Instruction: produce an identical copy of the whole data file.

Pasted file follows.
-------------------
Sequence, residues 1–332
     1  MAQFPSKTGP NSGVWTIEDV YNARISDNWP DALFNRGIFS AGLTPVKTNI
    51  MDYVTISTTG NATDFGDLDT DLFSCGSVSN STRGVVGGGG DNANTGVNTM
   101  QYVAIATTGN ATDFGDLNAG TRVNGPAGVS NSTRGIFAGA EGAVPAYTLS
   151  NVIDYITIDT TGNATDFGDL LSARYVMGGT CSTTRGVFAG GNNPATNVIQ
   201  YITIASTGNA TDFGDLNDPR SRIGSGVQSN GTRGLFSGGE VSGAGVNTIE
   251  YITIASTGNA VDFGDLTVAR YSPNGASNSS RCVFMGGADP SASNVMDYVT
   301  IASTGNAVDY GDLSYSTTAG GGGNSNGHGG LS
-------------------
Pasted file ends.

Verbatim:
Sequence, residues 1–332
     1  MAQFPSKTGP NSGVWTIEDV YNARISDNWP DALFNRGIFS AGLTPVKTNI
    51  MDYVTISTTG NATDFGDLDT DLFSCGSVSN STRGVVGGGG DNANTGVNTM
   101  QYVAIATTGN ATDFGDLNAG TRVNGPAGVS NSTRGIFAGA EGAVPAYTLS
   151  NVIDYITIDT TGNATDFGDL LSARYVMGGT CSTTRGVFAG GNNPATNVIQ
   201  YITIASTGNA TDFGDLNDPR SRIGSGVQSN GTRGLFSGGE VSGAGVNTIE
   251  YITIASTGNA VDFGDLTVAR YSPNGASNSS RCVFMGGADP SASNVMDYVT
   301  IASTGNAVDY GDLSYSTTAG GGGNSNGHGG LS